Now more than ever, consumers want and need tools that can help improve their financial health. While fintechs and other innovators have developed a new generation of personal finance tools, banks and credit unions have not yet adopted them widely. Banks already have the customer relationships, the data about their earnings, and knowledge of their spending patterns to incorporate these tools. Since consumers clearly want these innovations, what is the holdup on offering them?
It turns out that offering these services is harder than we thought. Not because of the raw technical difficulty or availability, but because of organizational silos. The core challenge is to get fintech apps to talk with banks’ existing technology stacks and build a shared business case across the organization.
Stacked Against Integration
The prevailing business models of banking technology suppliers have made it hard for upstarts with new consumer solutions to integrate with their platforms, favoring their own “native” apps and bundled solutions so that they can supply as much of their clients’ technology as possible. Even before proving their effectiveness at meeting customer needs, new app developers and banks who want to partner with them must concede a share of control, invest inordinate costs in API licenses, and spend time in integration queues before they can even welcome their first beta customer. Our recent report “What Banks Need from their Technology Stacks to Support Consumer Financial Health’’ lays out some of the key challenges for implementation and integration:
- Continued friction. While challenger platforms offer open APIs and easier integrations for new digital offerings, dominant platform providers will likely keep a lock on many institutions’ systems. In the near term, this means banks and developers will need to access core system data and functions through the data aggregators relied on by most fintechs, or through middleware providers who offer ready integration with the leading core platforms. Both add a layer of unnecessary expense.
- Siloed thinking. Barriers to introducing and testing new service innovations may be as much internal as external. As we talk to banks and credit unions about what it would take to test new services, we’re beginning to recognize the number of internal stakeholders that need to be brought to the table. In their day jobs, none of these people are able to make customers’ financial health their top priority.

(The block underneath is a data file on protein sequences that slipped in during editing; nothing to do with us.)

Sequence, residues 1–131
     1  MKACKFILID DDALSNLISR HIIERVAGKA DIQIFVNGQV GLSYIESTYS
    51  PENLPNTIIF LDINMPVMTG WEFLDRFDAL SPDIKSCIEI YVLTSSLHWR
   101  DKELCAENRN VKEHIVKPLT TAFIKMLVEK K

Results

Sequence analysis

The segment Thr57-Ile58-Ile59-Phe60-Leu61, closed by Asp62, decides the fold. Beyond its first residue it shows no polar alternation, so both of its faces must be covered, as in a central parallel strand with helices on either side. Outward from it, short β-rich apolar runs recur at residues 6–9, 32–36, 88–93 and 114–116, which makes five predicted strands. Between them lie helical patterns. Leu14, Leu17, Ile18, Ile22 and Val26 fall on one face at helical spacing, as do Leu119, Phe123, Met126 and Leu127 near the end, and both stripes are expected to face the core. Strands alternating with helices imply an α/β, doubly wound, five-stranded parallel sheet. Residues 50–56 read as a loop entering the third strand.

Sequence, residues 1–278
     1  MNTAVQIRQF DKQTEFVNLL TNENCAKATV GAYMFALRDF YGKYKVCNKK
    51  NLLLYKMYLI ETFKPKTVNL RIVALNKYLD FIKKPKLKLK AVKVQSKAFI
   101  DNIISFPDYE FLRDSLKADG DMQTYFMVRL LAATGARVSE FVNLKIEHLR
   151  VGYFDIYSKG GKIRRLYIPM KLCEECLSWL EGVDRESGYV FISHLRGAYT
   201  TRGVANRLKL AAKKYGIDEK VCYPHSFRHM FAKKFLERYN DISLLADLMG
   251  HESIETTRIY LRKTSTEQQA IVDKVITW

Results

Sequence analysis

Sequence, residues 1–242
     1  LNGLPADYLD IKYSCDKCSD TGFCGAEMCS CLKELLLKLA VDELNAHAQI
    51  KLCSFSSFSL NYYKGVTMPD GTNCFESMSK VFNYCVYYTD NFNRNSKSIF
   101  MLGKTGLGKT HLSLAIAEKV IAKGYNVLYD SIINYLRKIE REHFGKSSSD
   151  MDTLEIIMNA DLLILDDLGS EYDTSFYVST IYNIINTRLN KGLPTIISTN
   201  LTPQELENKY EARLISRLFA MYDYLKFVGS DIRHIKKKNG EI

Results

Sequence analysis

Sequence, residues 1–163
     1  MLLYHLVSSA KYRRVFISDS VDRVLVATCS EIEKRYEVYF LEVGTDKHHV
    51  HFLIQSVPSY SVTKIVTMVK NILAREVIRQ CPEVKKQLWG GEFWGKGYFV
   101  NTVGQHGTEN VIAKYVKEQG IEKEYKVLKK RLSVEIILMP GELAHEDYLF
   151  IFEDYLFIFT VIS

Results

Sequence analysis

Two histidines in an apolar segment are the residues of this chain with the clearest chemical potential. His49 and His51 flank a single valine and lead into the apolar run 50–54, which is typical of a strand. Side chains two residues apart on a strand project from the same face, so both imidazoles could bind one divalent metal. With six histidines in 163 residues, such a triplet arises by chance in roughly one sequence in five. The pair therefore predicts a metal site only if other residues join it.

- IT inflexibility. IT engineers who operate banks’ core infrastructure and databases determine the priorities, internal transfer prices, and timelines for building new services and functionality. Given the long time frames of these projects, it’s often difficult for them to change course, add needed functionality, or reset project sequences to take advantage of emerging service opportunities.
- Aversion to risk. New products with less proven customer uptake involve questionable returns, requiring more trial-and-error to get product and pricing right, and thus carry greater possibility of lost time and investment. As a result, retail banking business and product leads prioritize incremental enhancements on tried-and-true services over riskier new endeavors.
Stacks and siloes help explain why fintech startups and neobanks who begin with clean technology slates and blue-sky product roadmaps have had an easier time prioritizing their customers’ financial health. Both the vendor systems that shape and constrain banks’ technology stacks, and the need to painstakingly negotiate digital product roadmaps across internal silos and their day-to-day priorities, make new service introductions appear relatively costly and risky.
These two barriers explain why all stakeholders touching banking technology — internal and external — need to be engaged in an institution’s financial health journey.
For more information on the challenges and opportunities around financial services innovation, click here.
Explore the Ends of the Month Series on the Financial Health Network website.